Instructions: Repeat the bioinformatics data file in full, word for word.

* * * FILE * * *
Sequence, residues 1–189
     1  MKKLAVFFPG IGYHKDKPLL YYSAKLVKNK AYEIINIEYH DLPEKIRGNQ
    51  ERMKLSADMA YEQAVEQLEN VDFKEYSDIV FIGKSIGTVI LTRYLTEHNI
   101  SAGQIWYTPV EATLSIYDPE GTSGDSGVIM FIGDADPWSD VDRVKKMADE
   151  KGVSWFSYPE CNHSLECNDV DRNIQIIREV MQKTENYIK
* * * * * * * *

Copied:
Sequence, residues 1–189
     1  MKKLAVFFPG IGYHKDKPLL YYSAKLVKNK AYEIINIEYH DLPEKIRGNQ
    51  ERMKLSADMA YEQAVEQLEN VDFKEYSDIV FIGKSIGTVI LTRYLTEHNI
   101  SAGQIWYTPV EATLSIYDPE GTSGDSGVIM FIGDADPWSD VDRVKKMADE
   151  KGVSWFSYPE CNHSLECNDV DRNIQIIREV MQKTENYIK